Updated: 5 days ago
Harley Wallen didn’t always want to be in the movie and TV business. Growing up in Sweden, he found martial arts to be his first passion. “That was my original art,” Wallen says adding that he was also a breakdancer on a TV show in Sweden similar to a cabaret/Donny Osmond-type show.
From there, he took advantage of the opportunities as they came up and slowly found himself entering the film business.
“There were lots of musical guests,” Wallen says regarding the TV show he danced on. “We were in there between setups and there would be a line or two, here or there, that needed to be said. They asked if I would be interested in doing it and I said yes.”
This gave Wallen the chance to hang out with actors and discover the complexity of their craft. “I was fascinated with the process because it was more than just ‘pretending’.”
He dove into the craft but soon realized that to pursue acting seriously, he would have to move to halfway around the world – the United States. But his pursuits were sidetracked as he found his ability to move up in a corporate environment.
Promotions weren’t enough and even though 20 years had gone by and he was doing well, he realized he had to leave the corporate world behind if he was going to pursue what he loved.
“When my martial arts career ended, I needed a place for my heart to go,” Wallen states. “Corporate wasn’t creatively satisfying.”
Becoming a filmmaker
When the Michigan tax incentives for film and TV were in effect, Wallen was finding plenty of work, which includes his first major speaking part in Batman v. Superman. When the incentives went away, along with the majority of the production work, Wallen found that the Michigan indie community was bare.
“I felt most of the filmmakers were unreliable or they didn’t care enough about the craft – I want the art to matter,” Wallen says knowing that it’s not the most popular thing to say. He adds, “It’s great when the art is sustainable financially, but it’s more important to tell stories”
He then decided to get involved in production - it was time for him to explore what he could do behind the camera.
Wallen has written several films over the past few years and finds his inspiration in all kinds of different places.
“When I did Moving Parts, it was what I loved,” Wallen says about the film he produced, wrote, and directed. He continues, “My mom loved Agatha Christy books and loved watching these shows. She loved mystery/thrillers. This was my attempt at that – something to figure out – a spiderweb you could get trapped in. It had no meaning beyond that.”
His films find inspiration seemingly out of nowhere. Whether it’s Enigma, which was inspired by the 1998 Denzel Washington thriller Fallen, or Eternal Code based on the fascinating story of an Italian doctor who was involved in a head transplant.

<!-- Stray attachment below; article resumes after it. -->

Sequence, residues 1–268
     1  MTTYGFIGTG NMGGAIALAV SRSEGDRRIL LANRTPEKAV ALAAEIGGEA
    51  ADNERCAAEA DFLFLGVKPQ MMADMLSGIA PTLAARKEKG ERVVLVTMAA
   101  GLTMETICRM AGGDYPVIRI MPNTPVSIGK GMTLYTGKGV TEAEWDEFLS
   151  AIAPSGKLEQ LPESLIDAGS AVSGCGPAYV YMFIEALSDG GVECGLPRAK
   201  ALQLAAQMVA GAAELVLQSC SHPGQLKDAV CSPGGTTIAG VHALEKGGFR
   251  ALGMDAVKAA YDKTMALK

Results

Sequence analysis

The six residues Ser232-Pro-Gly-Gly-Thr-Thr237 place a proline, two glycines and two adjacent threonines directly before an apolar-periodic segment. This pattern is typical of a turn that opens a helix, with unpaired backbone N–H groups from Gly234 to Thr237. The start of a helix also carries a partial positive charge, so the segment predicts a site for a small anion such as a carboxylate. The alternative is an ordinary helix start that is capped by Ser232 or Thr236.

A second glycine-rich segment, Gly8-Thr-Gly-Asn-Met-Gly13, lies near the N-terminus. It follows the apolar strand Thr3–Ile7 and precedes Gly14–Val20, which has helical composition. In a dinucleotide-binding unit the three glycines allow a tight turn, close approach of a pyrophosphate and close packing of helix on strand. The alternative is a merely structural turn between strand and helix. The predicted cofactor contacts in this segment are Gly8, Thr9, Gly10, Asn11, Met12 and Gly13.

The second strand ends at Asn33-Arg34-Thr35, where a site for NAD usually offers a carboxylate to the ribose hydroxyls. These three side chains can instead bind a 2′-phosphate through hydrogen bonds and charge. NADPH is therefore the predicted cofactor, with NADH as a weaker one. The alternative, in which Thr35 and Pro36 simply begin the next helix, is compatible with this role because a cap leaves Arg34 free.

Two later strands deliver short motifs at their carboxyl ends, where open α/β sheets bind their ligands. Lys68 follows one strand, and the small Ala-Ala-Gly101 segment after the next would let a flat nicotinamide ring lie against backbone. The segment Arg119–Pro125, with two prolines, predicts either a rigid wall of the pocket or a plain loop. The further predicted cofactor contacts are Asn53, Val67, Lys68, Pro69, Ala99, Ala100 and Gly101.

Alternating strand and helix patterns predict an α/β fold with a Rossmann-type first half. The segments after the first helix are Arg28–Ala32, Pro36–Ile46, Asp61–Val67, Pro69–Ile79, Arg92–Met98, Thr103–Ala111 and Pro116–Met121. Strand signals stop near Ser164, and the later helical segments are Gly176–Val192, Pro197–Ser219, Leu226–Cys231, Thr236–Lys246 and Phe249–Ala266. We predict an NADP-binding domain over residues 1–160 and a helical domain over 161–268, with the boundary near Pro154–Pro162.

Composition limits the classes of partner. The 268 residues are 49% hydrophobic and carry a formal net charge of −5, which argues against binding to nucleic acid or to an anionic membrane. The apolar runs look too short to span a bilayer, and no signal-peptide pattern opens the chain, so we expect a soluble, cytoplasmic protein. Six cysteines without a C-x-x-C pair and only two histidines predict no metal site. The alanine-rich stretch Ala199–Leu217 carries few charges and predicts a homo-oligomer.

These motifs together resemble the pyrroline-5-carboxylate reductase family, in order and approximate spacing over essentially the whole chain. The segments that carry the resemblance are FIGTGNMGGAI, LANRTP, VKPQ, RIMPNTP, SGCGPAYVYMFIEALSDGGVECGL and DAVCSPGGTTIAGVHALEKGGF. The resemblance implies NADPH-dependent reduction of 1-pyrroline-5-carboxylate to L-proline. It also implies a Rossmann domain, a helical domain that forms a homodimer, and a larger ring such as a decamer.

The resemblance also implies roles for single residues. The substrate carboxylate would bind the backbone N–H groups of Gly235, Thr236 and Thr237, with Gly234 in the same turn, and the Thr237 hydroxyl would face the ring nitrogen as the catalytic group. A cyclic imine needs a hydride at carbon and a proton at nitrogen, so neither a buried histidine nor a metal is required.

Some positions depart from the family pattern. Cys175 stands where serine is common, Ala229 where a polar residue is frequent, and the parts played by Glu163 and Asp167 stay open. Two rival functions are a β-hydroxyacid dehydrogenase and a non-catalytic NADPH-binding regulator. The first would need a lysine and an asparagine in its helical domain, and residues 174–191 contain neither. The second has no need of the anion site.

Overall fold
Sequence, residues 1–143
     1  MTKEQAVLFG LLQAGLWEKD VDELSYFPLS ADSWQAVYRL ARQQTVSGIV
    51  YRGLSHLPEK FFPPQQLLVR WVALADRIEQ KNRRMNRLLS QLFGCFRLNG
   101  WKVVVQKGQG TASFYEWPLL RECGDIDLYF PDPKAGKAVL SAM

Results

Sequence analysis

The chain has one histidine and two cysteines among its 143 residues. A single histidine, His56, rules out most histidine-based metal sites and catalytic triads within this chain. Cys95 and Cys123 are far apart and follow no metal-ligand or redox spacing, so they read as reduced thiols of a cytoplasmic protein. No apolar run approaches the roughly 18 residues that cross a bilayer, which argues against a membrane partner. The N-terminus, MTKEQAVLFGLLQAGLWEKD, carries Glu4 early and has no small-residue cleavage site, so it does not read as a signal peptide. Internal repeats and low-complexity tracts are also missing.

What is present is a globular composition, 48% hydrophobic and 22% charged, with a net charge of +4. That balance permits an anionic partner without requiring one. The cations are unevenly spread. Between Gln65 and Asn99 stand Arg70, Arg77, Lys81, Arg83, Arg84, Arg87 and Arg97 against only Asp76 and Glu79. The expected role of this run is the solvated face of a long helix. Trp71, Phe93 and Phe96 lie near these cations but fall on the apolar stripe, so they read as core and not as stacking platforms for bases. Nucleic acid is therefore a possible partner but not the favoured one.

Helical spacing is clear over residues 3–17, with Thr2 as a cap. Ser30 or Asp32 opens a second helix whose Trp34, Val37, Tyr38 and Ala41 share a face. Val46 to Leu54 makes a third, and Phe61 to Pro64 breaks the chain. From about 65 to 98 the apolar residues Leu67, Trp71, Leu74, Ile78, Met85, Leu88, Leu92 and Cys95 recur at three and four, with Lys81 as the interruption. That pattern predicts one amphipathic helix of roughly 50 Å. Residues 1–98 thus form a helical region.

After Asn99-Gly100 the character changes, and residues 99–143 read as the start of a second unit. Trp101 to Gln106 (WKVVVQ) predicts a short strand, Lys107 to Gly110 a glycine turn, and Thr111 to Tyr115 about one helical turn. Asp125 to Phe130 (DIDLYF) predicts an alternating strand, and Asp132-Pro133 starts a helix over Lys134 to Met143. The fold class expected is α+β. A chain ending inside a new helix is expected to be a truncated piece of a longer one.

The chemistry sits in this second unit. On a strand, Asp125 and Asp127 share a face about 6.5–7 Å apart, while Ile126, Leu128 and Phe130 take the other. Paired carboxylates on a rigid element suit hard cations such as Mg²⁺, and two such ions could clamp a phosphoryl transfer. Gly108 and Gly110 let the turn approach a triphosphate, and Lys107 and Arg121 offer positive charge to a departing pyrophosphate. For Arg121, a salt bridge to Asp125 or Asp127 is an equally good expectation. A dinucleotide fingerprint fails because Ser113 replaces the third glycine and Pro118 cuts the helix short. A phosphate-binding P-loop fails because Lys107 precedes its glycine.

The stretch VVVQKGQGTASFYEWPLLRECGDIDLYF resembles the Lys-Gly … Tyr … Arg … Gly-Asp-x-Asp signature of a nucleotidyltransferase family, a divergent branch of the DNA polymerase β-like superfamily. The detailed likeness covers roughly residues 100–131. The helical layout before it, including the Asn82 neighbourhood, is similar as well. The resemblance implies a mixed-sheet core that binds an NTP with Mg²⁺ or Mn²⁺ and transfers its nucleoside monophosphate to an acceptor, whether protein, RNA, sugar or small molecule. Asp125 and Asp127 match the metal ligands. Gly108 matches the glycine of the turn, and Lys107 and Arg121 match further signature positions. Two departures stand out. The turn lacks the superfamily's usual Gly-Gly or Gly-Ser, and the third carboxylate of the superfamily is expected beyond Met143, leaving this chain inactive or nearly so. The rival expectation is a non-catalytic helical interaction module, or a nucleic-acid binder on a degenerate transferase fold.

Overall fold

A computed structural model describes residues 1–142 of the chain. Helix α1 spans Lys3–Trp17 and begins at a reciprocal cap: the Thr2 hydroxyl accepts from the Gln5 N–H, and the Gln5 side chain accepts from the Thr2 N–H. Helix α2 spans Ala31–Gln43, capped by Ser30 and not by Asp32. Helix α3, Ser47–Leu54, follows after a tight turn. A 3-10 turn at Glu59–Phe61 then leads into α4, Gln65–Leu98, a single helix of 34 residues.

This curiosity got him involved in his latest venture: Tale of Tails.
Set in a seedy strip club, Wallen stars as Nick, the owner of the club who is finding his control over his life slipping away after one of his dancers ends up dead. Wallen also produced, wrote, and directed several episodes.
“Tale of Tails is based on Tevis Marcum who worked in a strip club and had all kinds of stories. He has a whole library of them,” Wallen says. “The original thought was to just tell these stories, but I didn’t think random things to random people was going to work. I suggested we break it down.”
To help with writing Tale of Tails, Wallen brought Steve Kopera on board. Although he has worked with other screenwriters, this was the first time he co-wrote with another writer on a project. Both were able to develop the story of the sleazy strip club beyond the character of Nick.
“From an indie film perspective, I didn’t know if that original idea would hold,” Wallen explains when it came to expanding the narrative. “We manipulated the existing pilot and from there we wrote the main plot, then formulated each episode.”
The Evolving Filmmaker
When Harley Wallen started writing, he free-associated the process and wrote as it came to him.
“It came to me a lot easier if I didn’t force it,” Wallen says. “The process was a nightmare though because then I have to go in and fix it and work with pacing. I threw out the first few scripts because I was trying to write for someone, not for me.”
His writing process has evolved and now he starts by identifying five-to-six scene structures, the things that stick out, and build around those.
“I write out a really strong outline for the main scenes then I figure out the placing.”
Wallen admits that he writes the best through an amazing writer.
This humble approach is reflective of those truly great creative filmmakers who recognize when they don’t have the skillset to create their vision and hire people who can fill in the gaps.
“Hire to your weaknesses. Make sure you hire people better than you,” Wallen says. As an example, he explains, “I’m an okay writer, and seeing what Geoffrey D. Calhoun did with Finding Nicole, I know it’s not always my place to write.” He adds, “If you’re an actor/director and you like to direct performance then hire a technical Director of Photography that knows how to shoot a complex scene, someone who can guide you properly.”
Words of Wisdom
“First things first – build your stamina,” Wallen suggests. “It’s a marathon, a journey. We all think we’re going to make it with our first film but it’s multiple projects that make them serious.”
He recognizes that the likelihood of writing or producing one movie on your own dime won’t lead to a studio gig. Ultimately, it’s about telling the stories you want to tell. He believes that when you care a lot, you’re going to be pretty good at it.
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